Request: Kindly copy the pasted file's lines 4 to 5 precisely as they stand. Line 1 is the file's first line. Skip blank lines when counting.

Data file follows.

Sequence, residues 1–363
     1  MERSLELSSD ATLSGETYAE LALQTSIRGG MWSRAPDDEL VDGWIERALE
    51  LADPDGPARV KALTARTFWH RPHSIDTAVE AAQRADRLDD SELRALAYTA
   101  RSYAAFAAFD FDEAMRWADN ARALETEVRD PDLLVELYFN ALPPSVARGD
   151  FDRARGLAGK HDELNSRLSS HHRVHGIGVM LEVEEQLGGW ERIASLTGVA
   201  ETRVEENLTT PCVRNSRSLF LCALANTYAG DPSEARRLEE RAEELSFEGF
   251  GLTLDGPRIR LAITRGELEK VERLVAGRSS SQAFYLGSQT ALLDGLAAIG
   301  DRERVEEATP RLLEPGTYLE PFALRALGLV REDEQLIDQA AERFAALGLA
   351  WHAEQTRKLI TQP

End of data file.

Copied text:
   101  RSYAAFAAFD FDEAMRWADN ARALETEVRD PDLLVELYFN ALPPSVARGD
   151  FDRARGLAGK HDELNSRLSS HHRVHGIGVM LEVEEQLGGW ERIASLTGVA